published in 1884, it was ‘the most indispensable
desideratum with which a building is procured’.
Cities were being filled with huge, densely clustered,
block-filling buildings up to nine or 10 storeys
tall. How to light the deeply embedded interiors of
these massive rectangular blocks was a pressing
problem. One means was the use of the light well:
a tall shaft of space pierced through the multi-storeyed
block, funnelling natural light into the deep interior.
The origin of the glazed light well in American
architecture is linked to a number of social, economic,
and technological factors. It came into common use
in major cities primarily after the Civil War as a
result of several factors: the mounting demand for
large multi-storeyed buildings such as wholesale stores
and tall office buildings; the increasing pressure on
downtown land values, which led to the glazing over of
traditional open light wells so that their space could be
used; and the development of the industrial technology
that made the large-scale production of plate glass and
steel economically feasible. Especially in the large office
block where deep office spaces were unavoidable, an
office with ample natural lighting was a valuable asset.
On street floors, where rents were highest, expansive
windows for display as well as light were essential.
Traditionally, interior light was obtained by opening
up the core of the building with a large open court or
by wrapping the building around a court in an L- or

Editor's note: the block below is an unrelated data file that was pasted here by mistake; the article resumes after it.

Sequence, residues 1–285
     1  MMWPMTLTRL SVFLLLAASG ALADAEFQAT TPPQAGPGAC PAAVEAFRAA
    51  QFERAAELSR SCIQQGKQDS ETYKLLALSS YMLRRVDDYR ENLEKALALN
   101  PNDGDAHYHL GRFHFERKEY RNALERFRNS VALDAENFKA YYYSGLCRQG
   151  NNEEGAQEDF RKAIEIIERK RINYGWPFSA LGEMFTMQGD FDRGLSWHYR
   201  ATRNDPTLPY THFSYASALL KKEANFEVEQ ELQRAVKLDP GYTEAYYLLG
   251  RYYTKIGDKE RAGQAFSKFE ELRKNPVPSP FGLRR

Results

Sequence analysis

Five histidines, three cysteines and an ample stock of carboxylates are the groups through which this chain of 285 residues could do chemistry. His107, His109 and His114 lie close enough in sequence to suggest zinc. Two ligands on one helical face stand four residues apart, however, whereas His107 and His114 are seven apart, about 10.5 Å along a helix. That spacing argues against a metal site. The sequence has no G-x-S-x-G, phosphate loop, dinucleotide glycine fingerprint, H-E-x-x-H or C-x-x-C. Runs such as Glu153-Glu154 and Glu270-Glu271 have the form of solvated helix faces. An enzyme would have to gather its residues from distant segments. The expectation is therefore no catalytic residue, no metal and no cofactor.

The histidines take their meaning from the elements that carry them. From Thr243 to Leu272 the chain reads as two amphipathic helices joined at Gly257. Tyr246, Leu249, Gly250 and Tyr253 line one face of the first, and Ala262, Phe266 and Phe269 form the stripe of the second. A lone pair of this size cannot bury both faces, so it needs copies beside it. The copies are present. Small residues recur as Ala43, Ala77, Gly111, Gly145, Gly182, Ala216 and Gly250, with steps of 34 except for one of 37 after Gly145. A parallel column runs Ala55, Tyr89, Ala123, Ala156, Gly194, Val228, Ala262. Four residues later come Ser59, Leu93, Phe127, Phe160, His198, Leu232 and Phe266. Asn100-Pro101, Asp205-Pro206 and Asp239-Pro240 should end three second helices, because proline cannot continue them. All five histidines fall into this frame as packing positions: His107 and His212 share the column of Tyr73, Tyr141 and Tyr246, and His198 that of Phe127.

U-shaped plan. The disadvantage here was the loss of
interior space, which was increasingly expensive as
land values soared in the city’s downtown. In the latter
part of the century, but particularly in the 1880s and
1890s, more and more of these simple utilitarian light
wells were glazed. By the end of the century their use
particularly in Chicago was relatively common.
It was actually in the quest for light, not height, that
William Le Baron Jenney made the decisive move
in the development of the fully framed modern
skyscraper at the Home Insurance Building of 1884.
What the Home Insurance Company sought from
him was a standard 10-storey office building, with
maximum light. Toward this end, Jenney abandoned
solid, load-bearing, masonry exterior walls in favour
of a steel skeletal framework, significantly reducing the
bulk of the wall in order to expand the size of windows.
The generation of the 1870s and 1880s had placed a
high premium on the salutary effects of fresh air
Above right and opposite: in 1905 Wright remodelled the lobby of the
1885 Rookery Building in Chicago, designed by Burnham and Root. Its
owners, Peter and Shepard Brooks, knew that natural light, along with
elevators and a grand lobby, would command high rents
‘This super material, glass, as we
now know it, is a miracle. Air in air
to keep air out or keep it in. Light
itself in light, to diffuse or reflect,
or refract light itself’